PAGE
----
On a more personal note, a friend of mine died the other day in a side impact crash in his Honda Civic. His car did not have the side impact airbags that Honda charges for. Hyundai has side-impact airbags standard on every model, even the lowly Accent. If he had these airbags, they may have saved his life. I just think it is horrific that Honda charges you for safety. These may save your life, and doing this is like Honda making you buy your life from them. I know that Hyundai has officially announced that ALL new models (even lowly Accents) in the future will be fitted with side-impact airbags, side-curtain airbags, antilock brakes, traction control, and electronic stability control. If Hyundai is going to do this in inexpensive cars, why can't Honda do it?
#1102 of 1641 Still, one more thing!
Mar 19, 2005 (5:50 am)
All of you Honda people haven't thought about one interesting fact.
THIS IS A FORUM OF HYUNDAI ELANTRA VERSUS HONDA CIVIC.
Don't you think it says something that this is Hyundai versus Honda, not Nissan, or Toyota, or anyone else for that matter? I think that this says a lot in it of itself.
#1103 of 1641 Re: Still, one more thing! [mononeo]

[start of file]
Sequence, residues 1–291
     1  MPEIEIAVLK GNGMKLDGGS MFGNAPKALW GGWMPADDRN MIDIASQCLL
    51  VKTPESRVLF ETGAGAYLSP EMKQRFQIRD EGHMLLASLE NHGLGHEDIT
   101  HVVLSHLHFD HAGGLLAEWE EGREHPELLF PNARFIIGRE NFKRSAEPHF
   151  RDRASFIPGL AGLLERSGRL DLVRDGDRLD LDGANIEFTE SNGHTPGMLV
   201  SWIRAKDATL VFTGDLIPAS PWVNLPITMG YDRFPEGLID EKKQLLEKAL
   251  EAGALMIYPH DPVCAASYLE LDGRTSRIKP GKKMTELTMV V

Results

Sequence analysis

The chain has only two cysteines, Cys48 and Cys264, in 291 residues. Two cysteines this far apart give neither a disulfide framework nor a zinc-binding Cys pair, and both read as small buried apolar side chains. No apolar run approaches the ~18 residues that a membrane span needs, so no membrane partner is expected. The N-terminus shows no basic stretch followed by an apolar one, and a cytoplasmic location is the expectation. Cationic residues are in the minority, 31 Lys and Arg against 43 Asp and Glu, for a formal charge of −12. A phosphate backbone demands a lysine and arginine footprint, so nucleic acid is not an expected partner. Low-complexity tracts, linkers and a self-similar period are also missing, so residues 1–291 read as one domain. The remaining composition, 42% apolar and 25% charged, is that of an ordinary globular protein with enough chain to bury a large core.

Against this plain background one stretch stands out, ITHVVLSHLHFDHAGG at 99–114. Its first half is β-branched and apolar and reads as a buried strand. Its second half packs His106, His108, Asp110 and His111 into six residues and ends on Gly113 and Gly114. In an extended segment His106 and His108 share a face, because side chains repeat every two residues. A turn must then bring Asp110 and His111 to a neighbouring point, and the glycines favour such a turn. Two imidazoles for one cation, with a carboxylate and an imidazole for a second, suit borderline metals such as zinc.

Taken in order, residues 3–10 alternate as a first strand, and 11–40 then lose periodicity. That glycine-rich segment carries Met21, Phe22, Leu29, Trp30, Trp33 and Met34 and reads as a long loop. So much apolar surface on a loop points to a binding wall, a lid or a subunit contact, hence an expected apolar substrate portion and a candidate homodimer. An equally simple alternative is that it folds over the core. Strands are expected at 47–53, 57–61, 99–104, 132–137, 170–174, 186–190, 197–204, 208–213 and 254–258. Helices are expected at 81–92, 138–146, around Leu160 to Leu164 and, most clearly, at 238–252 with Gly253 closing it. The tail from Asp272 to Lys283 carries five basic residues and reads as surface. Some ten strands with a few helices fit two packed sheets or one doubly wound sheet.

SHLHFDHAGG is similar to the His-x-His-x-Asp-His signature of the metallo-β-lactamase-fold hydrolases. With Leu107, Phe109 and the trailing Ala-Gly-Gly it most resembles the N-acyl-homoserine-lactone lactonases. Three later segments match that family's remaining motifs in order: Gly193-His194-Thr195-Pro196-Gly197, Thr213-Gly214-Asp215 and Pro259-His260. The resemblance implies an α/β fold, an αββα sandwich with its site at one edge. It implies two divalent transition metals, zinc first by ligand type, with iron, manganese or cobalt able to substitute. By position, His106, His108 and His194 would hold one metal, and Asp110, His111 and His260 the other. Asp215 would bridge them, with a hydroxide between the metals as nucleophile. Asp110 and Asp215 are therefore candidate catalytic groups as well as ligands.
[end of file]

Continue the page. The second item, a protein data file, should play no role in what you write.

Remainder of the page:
Mar 19, 2005 (7:14 am)
I'm not entirely certain of what point you are trying to make, but in case there is any confusion let me tell you that we pretty much let roll any comparo that interests anyone, no matter how unlikely a few of them might seem to be.
I am not saying this comparo is unlikely, I'm just pointing out that the only logical conclusion to be drawn from the subject matter of any given comparo is that one or more members are interested in making that particular comparison.
That's really all it says.
#1104 of 1641 Re: Still, one more thing! [pat]
Mar 19, 2005 (8:15 am)
The interest in the discussion tells me that the Civic is considered a benchmark for small cars against which others are judged. Not too many people benchmark against a Neon or Cavalier. Also, it says that people are interested in this particular comparison. I know I am, since the '01 Civic EX was the car I compared most closely to the Elantra I bought in late 2000. And I might have bought one if I could have gotten it for $14,000. Instead, the dealer turned me off by 1) totally ignoring me when I was in the showroom, even in the middle of a weekday when no one else was in there, and 2) Sticking a ridiculous ADM price on the then-new Civic EX, putting its price close to $20,000. So I went down the street to the local Hyundai dealer, drove the then-new '01 Elantra GLS, fell in love with it, and had no problem getting a price $500 under invoice even when there were no rebates on the car. Then I watched as buyers of the '01 Civic complained about numerous problems with their cars on the Edmunds Civic discussions and the Civic was recalled three times, while I got great service from my Elantra. I liked it so much I bought a GT 5-door last year for my wife, to replace our minivan, and it has been a trouble-free car.